- When the above information is finalized, the assigned Faculty Supervisor reviews the front page for accuracy and then completes the Academic Course Credit Information section. It is important the ID number is listed, the number of credits and the course number information be filled out, if the internship will be awarded course credit. If you are completing an internship for non-credit but would like the experience to be indicated on your transcript please skip the Academic Course Credit Information section. Please note there is a $25 processing fee for non-credit internships.
- After all signatures have been secured, the student takes the completed form to the Career Success Center and then to the Registrar’s office for recording of the course number and credit hours to be officially enrolled for the internship credit.
- After the student has been registered for the internship credit, the Learning Contract is forwarded to the Career Success Center by the appropriate deadline date either by the student or the Registrar’s office
- In addition to the Faculty Supervisor making continual contact with the employer, the Career Success Center will reach out to the employer after the internship has started to introduce our department. The Career Success Center will also send a final communication to the employer after the internship has ended.
- Student weekly log forms and midterm and final evaluation forms can be located on the portal:
ROLES OF SIGNATURES ON LEARNING CONTRACT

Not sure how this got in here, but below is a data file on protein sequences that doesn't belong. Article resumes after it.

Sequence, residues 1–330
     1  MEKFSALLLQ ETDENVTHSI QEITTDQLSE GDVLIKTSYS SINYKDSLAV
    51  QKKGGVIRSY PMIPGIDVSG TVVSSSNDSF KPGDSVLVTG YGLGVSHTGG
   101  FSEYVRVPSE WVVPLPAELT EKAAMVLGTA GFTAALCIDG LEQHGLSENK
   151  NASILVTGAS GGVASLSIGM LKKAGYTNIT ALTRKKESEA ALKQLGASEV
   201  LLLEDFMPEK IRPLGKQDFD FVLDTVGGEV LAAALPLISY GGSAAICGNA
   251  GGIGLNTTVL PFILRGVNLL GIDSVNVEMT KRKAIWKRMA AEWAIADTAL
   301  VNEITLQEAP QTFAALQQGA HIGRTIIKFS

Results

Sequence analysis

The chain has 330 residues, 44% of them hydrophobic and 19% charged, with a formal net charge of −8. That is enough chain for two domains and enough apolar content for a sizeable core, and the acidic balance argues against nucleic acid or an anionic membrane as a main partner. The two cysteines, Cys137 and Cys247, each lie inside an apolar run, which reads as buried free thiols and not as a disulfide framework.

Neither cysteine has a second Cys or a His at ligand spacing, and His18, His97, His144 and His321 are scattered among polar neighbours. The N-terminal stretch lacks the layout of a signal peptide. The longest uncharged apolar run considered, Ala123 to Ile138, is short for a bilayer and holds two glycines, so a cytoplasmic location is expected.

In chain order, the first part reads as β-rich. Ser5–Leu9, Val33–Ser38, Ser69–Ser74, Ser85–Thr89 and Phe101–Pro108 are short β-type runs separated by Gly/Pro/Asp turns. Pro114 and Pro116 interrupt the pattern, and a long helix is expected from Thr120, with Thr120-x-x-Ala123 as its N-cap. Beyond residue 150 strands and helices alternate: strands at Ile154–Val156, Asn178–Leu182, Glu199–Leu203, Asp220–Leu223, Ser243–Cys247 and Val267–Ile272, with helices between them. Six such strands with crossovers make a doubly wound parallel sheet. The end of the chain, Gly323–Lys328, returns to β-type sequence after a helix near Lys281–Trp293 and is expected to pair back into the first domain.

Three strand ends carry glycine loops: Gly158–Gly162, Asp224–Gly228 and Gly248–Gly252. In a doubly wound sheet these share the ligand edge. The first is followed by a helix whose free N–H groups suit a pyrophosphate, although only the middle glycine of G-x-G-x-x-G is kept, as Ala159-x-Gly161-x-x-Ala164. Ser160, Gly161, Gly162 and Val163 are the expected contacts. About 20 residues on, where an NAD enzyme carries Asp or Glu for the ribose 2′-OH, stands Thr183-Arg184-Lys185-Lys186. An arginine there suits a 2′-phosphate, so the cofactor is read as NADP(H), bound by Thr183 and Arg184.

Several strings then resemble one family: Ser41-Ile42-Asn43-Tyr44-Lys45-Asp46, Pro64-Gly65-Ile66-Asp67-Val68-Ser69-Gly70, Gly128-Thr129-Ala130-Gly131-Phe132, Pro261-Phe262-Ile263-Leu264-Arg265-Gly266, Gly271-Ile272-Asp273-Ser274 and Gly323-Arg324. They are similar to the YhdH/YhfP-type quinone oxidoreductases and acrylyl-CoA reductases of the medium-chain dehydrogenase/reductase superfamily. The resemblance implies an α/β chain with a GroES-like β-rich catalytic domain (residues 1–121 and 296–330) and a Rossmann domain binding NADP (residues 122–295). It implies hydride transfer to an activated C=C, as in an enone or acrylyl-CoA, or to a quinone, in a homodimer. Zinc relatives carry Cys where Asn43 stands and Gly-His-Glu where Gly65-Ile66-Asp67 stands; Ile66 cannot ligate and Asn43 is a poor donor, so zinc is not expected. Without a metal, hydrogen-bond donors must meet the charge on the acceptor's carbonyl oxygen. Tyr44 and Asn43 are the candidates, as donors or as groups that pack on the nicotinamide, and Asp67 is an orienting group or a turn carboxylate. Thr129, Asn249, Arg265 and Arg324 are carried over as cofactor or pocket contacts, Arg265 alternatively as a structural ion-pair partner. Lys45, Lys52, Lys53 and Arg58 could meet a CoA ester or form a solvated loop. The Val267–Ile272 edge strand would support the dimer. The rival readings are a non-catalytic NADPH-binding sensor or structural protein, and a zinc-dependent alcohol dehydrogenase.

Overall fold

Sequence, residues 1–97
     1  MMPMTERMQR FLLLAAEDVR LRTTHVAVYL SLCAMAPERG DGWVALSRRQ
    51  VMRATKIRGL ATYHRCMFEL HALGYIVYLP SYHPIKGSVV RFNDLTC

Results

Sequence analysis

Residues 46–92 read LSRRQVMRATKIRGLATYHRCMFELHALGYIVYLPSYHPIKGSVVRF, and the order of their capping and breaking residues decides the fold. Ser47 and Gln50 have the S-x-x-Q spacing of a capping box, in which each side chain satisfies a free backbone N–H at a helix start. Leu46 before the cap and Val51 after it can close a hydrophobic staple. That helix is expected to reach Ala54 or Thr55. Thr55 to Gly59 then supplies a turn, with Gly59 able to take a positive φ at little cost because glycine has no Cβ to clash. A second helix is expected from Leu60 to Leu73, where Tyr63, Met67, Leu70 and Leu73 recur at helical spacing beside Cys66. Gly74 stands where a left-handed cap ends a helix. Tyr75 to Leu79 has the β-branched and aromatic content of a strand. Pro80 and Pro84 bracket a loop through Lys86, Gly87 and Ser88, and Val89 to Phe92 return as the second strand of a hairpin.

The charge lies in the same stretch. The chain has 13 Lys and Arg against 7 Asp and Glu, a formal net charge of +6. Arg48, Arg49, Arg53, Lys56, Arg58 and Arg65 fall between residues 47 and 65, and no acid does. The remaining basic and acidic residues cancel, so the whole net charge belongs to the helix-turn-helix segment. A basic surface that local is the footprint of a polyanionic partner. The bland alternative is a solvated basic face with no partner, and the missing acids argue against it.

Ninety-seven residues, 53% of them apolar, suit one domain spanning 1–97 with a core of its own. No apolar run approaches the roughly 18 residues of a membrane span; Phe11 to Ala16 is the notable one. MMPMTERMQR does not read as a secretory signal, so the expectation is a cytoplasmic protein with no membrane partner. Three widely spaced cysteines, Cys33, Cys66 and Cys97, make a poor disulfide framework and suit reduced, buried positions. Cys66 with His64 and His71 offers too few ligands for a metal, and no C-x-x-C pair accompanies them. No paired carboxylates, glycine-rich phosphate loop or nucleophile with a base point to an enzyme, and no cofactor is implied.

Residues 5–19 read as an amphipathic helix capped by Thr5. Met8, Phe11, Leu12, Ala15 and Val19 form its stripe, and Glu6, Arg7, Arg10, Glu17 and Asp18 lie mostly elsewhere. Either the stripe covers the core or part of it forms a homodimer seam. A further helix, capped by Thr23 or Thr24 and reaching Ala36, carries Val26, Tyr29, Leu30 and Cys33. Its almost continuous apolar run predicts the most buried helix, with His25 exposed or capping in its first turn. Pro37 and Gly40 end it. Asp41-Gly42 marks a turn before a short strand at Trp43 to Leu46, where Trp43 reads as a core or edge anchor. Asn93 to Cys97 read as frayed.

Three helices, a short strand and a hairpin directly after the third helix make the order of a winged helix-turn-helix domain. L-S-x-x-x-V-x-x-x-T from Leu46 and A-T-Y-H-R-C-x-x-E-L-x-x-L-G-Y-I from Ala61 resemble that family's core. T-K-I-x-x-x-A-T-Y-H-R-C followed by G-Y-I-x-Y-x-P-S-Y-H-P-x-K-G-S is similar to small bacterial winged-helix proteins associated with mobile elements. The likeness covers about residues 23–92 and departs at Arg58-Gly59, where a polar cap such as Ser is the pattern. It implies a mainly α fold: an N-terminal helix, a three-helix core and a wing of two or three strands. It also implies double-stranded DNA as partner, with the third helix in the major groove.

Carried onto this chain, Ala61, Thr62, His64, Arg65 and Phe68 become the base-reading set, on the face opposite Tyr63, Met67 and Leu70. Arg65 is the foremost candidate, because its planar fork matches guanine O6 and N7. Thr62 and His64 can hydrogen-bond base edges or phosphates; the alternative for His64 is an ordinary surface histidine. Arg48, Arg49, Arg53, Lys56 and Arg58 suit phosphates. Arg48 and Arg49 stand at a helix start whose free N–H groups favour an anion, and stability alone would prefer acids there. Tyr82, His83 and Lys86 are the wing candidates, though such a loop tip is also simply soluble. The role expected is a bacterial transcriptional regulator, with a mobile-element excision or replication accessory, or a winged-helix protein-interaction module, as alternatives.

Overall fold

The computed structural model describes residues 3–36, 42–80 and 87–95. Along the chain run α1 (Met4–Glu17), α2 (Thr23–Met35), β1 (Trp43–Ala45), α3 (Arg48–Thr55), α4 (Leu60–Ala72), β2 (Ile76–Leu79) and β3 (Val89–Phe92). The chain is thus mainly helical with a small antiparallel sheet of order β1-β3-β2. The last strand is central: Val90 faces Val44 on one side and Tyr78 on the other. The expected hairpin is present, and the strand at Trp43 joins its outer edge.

- Department Chair OR College Dean: Approves internship under course degree requirements and assigns Faculty Supervisor if necessary.
- Student Intern: Submits weekly logs and, midterm and final evaluations to Faculty Supervisor.
- Faculty Supervisor/Academic Advisor: Supervise Internship, encouraged to establish structured communication plan with employer every two weeks of internship, and work with student to provide guidance, assistance and monitor weekly logs and evaluations.
- Employer Supervisor: Monitors Interns responsibilities, and performs a midterm and final evaluation on student intern.
- Career Success Center: Approves Internship site and duties as a legitimate learning experience, and records internship information for tracking purposes. Career Success Center will reach to employer at the conclusion of the internship.
- Registrar’s Office: Registers student for appropriate Internship Class and term, and verify the number of credits to be recorded for transcript and tuition purposes under the term the internship is performed